The achilles heel

 In Tax, Trusts

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Is the residence nil rate band and downsizing relief a vulnerable area?

Gill Steel explains the calculations by way of a practical example.

NB: This article first appeared in Taxation on 29 November 2018 and reproduced by kind permission

The Readers’ Forum question and replies to ‘Trust in me’ (see Taxation, 27 September 2018, page 23), made me think that the downsizing rules for the inheritance tax residence nil rate band (RNRB) really are the achilles heel of advisers. Everyone is bored by the subject matter, but the rules are complex and it is easy to overlook how they operate. If tax practitioners are not careful, they may continue to provide advice as before without reference to the new rules. This is worrisome because they may then find themselves the subject of a negligence claim.

The goal of the modestly wealthy is to minimise their potential inheritance tax liability as simply as possible. Across the joint estates of married couples or civil partners it is possible to claim a ‘full house’ of allowances – if they qualify for the use of the nil rate band (NRB) and the RNRB. This will amount to £1m by the time the RNRB has risen to its maximum of £175,000 by 2020-21. But, to achieve this goal, the finer workings of the RNRB need careful consideration.

All legislative references in this article are to IHTA 1984 unless specified otherwise.

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Interaction of NRB and RNRB

With an NRB of £325,000 and a potential RNRB of £100,000 rising to £175,000 by 2020-21, thought must be given to how the rules for each allowance work and the order in which they are applied.

The NRB can apply to both lifetime gifts and the final transfer of value on death in chronological order to any type of asset. By contrast, the RNRB can apply only to a qualifying property interest held in the estate on death (s 8J(2)). There are other points to note on the RNRB.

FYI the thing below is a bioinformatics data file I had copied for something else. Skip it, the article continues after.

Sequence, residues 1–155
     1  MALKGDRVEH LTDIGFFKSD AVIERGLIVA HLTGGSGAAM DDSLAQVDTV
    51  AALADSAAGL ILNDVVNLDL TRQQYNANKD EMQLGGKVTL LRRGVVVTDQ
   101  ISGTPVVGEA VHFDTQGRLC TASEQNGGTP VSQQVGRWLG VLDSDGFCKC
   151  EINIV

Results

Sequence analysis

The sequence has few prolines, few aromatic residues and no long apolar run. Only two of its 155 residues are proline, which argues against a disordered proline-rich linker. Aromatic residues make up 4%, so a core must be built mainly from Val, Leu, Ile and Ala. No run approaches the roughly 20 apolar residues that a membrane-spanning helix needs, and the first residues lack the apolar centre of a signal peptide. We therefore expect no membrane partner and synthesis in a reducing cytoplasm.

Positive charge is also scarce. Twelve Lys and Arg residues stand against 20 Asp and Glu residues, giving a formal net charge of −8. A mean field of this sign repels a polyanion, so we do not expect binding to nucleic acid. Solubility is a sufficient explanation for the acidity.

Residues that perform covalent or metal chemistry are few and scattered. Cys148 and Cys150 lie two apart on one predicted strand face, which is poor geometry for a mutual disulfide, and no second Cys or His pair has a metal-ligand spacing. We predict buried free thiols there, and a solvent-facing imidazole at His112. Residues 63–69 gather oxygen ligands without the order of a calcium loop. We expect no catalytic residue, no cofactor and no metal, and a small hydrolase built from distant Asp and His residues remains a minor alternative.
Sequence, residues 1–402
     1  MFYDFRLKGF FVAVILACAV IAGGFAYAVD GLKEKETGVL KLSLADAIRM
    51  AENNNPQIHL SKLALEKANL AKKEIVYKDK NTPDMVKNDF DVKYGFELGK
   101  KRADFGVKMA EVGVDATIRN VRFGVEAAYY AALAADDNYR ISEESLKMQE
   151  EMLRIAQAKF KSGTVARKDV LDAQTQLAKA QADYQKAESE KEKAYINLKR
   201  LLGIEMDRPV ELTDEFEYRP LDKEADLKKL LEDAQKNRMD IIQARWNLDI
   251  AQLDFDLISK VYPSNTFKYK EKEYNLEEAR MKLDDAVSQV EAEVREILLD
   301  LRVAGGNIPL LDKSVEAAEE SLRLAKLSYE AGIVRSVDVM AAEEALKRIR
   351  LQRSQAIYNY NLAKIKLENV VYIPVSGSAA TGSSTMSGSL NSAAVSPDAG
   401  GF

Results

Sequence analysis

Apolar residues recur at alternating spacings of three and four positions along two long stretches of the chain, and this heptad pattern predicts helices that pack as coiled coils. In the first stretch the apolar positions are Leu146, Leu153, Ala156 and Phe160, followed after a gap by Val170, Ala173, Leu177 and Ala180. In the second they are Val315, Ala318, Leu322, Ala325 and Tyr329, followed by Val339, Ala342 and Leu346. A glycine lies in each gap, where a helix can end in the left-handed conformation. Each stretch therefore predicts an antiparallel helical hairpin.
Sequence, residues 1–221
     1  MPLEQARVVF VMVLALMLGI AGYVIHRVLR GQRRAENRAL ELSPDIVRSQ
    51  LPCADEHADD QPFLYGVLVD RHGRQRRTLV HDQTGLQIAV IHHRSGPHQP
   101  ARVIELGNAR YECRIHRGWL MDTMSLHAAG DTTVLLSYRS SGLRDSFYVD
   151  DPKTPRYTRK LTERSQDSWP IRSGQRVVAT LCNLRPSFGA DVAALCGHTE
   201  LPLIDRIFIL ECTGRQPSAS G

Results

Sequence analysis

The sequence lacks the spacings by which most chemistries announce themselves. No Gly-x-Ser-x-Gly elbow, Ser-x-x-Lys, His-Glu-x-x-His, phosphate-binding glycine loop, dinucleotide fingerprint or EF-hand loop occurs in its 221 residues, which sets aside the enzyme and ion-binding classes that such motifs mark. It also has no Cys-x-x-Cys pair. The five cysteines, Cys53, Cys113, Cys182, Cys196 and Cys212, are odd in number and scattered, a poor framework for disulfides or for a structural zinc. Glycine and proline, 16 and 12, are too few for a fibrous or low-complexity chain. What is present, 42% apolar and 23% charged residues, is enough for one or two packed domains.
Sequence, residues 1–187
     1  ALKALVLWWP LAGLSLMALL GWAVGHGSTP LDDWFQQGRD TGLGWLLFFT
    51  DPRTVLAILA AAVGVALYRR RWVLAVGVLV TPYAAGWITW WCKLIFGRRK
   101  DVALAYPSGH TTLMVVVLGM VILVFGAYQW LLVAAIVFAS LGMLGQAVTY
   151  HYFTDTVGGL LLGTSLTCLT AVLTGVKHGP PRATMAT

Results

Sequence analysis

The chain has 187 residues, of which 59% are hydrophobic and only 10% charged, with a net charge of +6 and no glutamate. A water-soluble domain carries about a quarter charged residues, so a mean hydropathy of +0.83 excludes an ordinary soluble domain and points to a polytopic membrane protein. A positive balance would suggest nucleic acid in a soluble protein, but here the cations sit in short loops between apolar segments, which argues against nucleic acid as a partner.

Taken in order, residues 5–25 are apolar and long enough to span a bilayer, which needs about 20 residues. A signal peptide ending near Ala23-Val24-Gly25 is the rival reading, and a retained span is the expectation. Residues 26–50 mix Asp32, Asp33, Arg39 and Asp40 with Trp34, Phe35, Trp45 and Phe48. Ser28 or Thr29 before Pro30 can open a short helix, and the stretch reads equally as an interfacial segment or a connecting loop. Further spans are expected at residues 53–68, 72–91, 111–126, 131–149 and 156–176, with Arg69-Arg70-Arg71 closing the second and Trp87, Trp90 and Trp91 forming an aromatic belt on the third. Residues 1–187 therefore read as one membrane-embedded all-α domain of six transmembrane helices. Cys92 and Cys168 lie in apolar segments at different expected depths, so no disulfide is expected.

• It can never be set against lifetime gifts nor can it be used to relieve an estate that does not contain a qualifying property interest unless downsizing applies.
  • If the RNRB applies, it takes priority over the NRB.
  • The RNRB may be enhanced by a brought-forward allowance if the deceased’s spouse or civil partner did not use their entitlement. This can be up to 100% of the previously unused amount.
  • As for the transferable NRB (TNRB), only a combination of brought-forward allowances adding up to 100% of the allowance can be transferred between spouses or civil partners, irrespective of how long ago the earlier spouse or civil partner died.
  • Equally, both the RNRB and any brought-forward allowance are adjusted if the value of the estate on death exceeds the taper threshold (£2m). Taper applies to both the estate on death and the estate that is generating a brought-forward allowance.

Key points

  • The nil rate band applies to lifetime gifts as well as on death.
  • The residence nil rate band will apply in estate calculations only .
  • Downsizing relief will be available if a home has been sold before death.
  • The downsizing addition will depend on six conditions being satisfied.
  • The calculation of the lost relievable amount.

The example of Adam and Eve illustrates the basic operation of the transfer of unused NRB and RNRB.

Adam and Eve

Adam and Eve were married until Adam’s died on 30 April 2017. They co-owned the family home as tenants in common in equal shares. Adam left the whole of his estate on discretionary trust and his half-share in the property was therefore included in the trust. The trust benefits Eve and their children and grandchildren.

Adam made no lifetime gifts, so the whole of his unused NRB would be available to be set against his estate on death. This is valued at £300,000 comprising his half-share of the house (£275,000) and investments (£25,000), which means it is wholly covered by his NRB of £325,000.

Because Adam left his entire estate to a discretionary trust his qualifying property interest in the family home was not closely inherited (s 8J(3)). There are some exceptions for specific settlements that can benefit from the RNRB, but these must fit within the conditions in either s 8J(4) or s 8J(5), neither of which apply here.

Of the NRB, £25,000 is unused, representing 7.692% of the full entitlement on Adam’s death. This percentage of unused allowance is transferable to his surviving spouse, Eve.